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June 25, 2018 - Unjust Judges

June 25, 2018 - Unjust Judges Monday of the Twelfth Week in Ordinary Time Father Edward McIlmail, LC   Matthew 7:1-5 Jesus sa...

Saturday, May 13, 2017

Mocha Uson fit for Duterte’s social media messaging but more needed to engage critics productively

Building a credible media machine to counter the anti-government bias of traditional media led by big corporate networks is not a simple matter of fielding “die-hard” loyalists on social media. It involves building a consistent media brand that, in the long run is perceived to be apolitical or, at the very least, non-partisan.
It is true, of course, that there is an immediate need to deploy popular personalities that publish content that is staunchly pro-administration given the overwhelming orchestration of slanted reporting, faced by the government of President Rodrigo Duterte. That is a sensible tactical (short-term) solution and valid over a limited front. In the case of the appointment of popular blogger Mocha Uson to a key post in Duterte’s Communication team, this is not as laughable as his critics make it out to be. It does not make sense to appoint a person who has a weak social media following to manage the social media messaging machine of the administration after all. And Uson, suffice to say, is more than fit for that purpose in that regard as she commands millions of followers over Facebook and more than a hundred thousand on Twitter.
Over the long-term and over a wider front, however, a sustainable capability to deliver content focused on issues that appeal to a more sophisticated audience needs to be developed.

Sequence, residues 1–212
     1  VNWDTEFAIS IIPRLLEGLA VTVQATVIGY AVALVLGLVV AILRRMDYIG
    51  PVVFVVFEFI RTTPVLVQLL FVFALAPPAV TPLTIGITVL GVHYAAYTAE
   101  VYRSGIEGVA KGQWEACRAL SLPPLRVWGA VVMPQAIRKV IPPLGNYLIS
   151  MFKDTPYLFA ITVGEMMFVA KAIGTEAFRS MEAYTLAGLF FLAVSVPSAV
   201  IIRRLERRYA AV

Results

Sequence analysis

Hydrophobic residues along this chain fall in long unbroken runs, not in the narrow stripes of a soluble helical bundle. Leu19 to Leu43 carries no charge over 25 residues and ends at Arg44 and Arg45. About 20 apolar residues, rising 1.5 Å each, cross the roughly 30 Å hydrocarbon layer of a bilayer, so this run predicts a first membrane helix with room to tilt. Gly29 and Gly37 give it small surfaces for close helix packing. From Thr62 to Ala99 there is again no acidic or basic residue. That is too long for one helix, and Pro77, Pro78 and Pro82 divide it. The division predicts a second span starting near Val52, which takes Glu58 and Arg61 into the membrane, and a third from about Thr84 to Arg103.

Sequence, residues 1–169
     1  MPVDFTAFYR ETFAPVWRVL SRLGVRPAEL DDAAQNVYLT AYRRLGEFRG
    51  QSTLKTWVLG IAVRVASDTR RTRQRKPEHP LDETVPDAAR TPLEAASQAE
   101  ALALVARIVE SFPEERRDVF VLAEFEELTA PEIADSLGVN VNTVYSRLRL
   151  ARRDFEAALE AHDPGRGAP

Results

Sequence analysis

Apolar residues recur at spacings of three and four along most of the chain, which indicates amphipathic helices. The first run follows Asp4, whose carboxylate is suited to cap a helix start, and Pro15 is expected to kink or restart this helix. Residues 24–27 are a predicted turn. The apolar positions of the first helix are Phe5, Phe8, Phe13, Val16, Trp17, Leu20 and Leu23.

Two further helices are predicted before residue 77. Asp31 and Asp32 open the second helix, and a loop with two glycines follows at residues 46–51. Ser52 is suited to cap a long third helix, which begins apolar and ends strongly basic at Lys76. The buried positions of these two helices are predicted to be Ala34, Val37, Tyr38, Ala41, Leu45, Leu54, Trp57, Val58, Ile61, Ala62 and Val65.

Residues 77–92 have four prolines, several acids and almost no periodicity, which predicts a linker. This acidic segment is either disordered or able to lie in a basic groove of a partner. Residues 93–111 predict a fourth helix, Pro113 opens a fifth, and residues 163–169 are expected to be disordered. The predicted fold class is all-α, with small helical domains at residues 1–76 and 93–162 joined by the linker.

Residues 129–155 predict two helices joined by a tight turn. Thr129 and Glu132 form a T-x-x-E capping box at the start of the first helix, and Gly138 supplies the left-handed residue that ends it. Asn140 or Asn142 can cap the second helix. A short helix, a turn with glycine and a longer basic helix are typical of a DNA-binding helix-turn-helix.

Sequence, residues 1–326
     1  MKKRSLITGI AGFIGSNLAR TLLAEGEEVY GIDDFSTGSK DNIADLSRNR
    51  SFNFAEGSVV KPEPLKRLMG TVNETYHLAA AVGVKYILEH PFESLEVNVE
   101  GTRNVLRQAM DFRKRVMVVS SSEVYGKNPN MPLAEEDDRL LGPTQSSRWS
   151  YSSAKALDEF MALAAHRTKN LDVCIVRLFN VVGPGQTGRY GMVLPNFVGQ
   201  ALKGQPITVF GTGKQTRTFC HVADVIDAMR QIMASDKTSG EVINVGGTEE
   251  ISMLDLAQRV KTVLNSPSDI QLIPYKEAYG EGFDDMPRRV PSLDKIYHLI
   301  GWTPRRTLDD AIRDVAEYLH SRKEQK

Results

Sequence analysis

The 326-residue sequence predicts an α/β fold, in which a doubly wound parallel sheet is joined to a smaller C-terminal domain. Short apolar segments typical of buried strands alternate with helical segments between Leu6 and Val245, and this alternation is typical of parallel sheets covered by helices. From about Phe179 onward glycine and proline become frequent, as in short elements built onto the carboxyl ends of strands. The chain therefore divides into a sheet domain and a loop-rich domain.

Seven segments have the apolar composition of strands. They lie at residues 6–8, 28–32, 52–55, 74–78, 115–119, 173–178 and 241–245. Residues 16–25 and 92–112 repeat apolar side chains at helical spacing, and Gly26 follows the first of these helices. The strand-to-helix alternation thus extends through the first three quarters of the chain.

Social media may have democratised the ability of ordinary people to communicate with a mass audience. Unfortunately, it has allowed this very same audience to fine tune the nature of the information they receive to the point that this audience are able to block out information that runs counter to their personal points of view. The effect of this has been more to increase the size of echo chambers and like-minded cliques and less to grow a diverse community of followers and subscribers.
In short, what most “influencers” are actually achieving today is amassing ever larger choirs and attracting louder rounds of applause in response to their quaint homilies. But are these preachers actually reaching and converting the heathen and the skeptics?
The reality is, not much has changed. The political discourse and the bigger landscape of pedestrian chatter surrounding it may have different key personalities today. But its nature and quality remains fundamentally the same. At the core of it all is a continued focus on and reverence for people rather than on ideas. To ordinary folk and even members of the so-called “intelligentsia”, arguments are only as good as the people backing or originating them.
The different path forward is to disengage from celebrity influence and build public discourse upon a more modern foundation of critical thinking. Rather than new names and faces, we need new ideas and better arguments built on these ideas. The alternative is to remain doomed to live through repeats of tired old scripts played out by different characters over subsequent six-year terms ad infinitum.

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